Getting the big picture

A common criticism made about new financial analysts is that they “lack judgement” or “don’t see the big picture.” Not good, come bonus time. So what is good judgement & how can you see the big picture when hammering out your first financial models?

Get Clued In Before Asking Questions

Questions are great. But stupid questions are, well, stupid. And asking too many questions is a sure-fire way to anger your boss. So, a good starting point for sound judgement is understanding a company’s business model and its numbers…before you ask a bunch of unnecessary questions. On the flip side, trying to build a model (“Due MON at 8:00 am”) without understanding what you’re modeling will undoubtedly yield a faulty or convoluted model. So how can you gain company and industry knowledge in a hurry and without annoying your boss?

If you’re dealing with a publicly listed company, get their most recent quarterly press release (not quarterly report), look through their investor presentation, listen to a replay of their most recent conference call and check if there is any sellside research available. Sellside initiation notes are often most helpful as the research analyst is making a full-fledged case for a new company he hasn’t covered before.

Using these sources is a quick and painless way to get up to speed on a company or industry. And it is a good substitute for reading the annual report cover to cover. Importantly, take notes on what you don’t understand. You’ll probably answer many of these points yourself as you go through the various reports. But the questions that are unanswered in the end will be the kind that makes you look smart, not stupid.

Company disclosure, financial reports, presentations and press releases are usually available on a company’s website (and at www.sec.gov for US companies). If you have access to a Bloomberg terminal, a wide range of sellside reports and conference call transcripts is often available. If you can’t figure out how to maneuver the Bloomberg, you’re in good company. Just hit the “Help!” button twice and a competent Bloomberg employee will rush to your rescue.

Use Financial Reports on an “As-Needed” Basis

Using the actual financial statements – i.e. the annual & quarterly reports, prospectuses and various other statutory disclosures – is  best done on an “as needed” basis. Does that mean you can just skim them? Or you don’t have to read them at all? On the contrary.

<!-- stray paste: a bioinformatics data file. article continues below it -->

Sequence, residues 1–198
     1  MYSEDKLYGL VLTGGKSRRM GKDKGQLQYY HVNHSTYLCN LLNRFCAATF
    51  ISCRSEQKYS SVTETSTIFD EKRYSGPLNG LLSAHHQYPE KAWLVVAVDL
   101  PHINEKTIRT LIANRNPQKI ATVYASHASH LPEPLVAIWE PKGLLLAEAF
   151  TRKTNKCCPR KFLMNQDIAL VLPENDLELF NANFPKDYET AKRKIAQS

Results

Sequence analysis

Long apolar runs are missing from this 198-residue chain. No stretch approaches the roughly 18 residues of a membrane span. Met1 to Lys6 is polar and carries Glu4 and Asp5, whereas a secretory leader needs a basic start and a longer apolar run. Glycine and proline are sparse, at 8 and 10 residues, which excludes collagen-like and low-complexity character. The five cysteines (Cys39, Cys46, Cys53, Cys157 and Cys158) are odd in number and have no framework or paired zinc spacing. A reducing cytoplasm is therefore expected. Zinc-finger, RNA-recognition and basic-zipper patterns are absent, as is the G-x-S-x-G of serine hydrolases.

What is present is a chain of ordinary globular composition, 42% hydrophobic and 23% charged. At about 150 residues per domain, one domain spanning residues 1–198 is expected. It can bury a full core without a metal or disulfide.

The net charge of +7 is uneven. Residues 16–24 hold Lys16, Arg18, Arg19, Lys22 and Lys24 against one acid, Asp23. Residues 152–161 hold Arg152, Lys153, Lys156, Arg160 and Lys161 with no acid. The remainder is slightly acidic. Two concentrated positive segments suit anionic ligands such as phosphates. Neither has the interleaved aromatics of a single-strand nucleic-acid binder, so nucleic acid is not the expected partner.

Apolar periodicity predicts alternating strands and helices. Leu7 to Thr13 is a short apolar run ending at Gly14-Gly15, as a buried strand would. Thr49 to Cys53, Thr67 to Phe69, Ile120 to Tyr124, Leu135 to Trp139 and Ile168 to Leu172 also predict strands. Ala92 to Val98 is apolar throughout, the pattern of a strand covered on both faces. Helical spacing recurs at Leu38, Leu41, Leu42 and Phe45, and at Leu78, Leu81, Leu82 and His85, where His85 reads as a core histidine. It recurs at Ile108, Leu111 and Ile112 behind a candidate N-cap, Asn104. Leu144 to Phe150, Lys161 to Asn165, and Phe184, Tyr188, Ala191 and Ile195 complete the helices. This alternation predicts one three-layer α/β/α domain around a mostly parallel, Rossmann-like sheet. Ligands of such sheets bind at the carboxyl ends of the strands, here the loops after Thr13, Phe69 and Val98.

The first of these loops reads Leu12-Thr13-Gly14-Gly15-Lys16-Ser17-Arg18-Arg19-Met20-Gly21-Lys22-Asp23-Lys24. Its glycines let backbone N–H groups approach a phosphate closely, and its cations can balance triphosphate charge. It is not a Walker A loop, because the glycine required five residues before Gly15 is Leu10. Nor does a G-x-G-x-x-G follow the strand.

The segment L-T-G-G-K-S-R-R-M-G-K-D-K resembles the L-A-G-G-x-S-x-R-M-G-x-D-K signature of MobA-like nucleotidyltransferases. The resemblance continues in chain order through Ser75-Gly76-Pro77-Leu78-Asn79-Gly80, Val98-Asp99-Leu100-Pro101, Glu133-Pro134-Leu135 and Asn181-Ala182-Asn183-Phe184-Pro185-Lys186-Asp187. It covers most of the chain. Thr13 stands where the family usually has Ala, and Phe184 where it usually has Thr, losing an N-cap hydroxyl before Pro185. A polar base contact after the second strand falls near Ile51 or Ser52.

In fact, by the time you’re done with your model, you’ll probably know these reports inside-out. You’ll learn where info is repeated throughout the report, where disclosures change from one quarter to the next…and where to point your boss when he asks why you’ve adjusted a number. So how do you reach that piercing level of company insight without the usual cover-to-cover approach?

Annual & quarterly reports and especially offering prospectuses (often hundreds of pages long) are best read while inputting and adjusting financial line-items. If you’re modeling out 2013/2014, you’ll likely be using 2010/2011/2012 as your historical basis. So you’re actually forced to look at each of the numbers to set up your model.

Carefully read each financial statement note as you input the number. That way, you’ll begin to understand what drives each number (“What is the interest rate on that senior debt? Is that disclosed anywhere?”). You’ll adjust the numbers for non-cash & non-recurring items (“About 20% of the salaries paid were non-cash stock-options expense.”). And you’ll combine various reported items into simplified model line-items (“I’ll lump these three types of receivables into one line to make the model neater.”)

The point may seem trivial: who cares when you read what, right? Wrong. Only by following the logic of the financial statements, going from top-to-bottom of each statement and reading up on one specific line-item at a time, will the information stick. Again, trying to absorb these reports otherwise is counter-productive…and extremely boring.

If a note doesn’t sufficiently explain what a number means, search for the term (or the number itself) using the “CTRL & F” function. That way you’ll quickly see where the relevant citations are throughout the report. Annual reports often have greater detail than quarterlies and offering prospectuses have even greater detail than annuals. So go back and forth between all the reports until you fully understand what you’re researching…and own the numbers you’re about to model.

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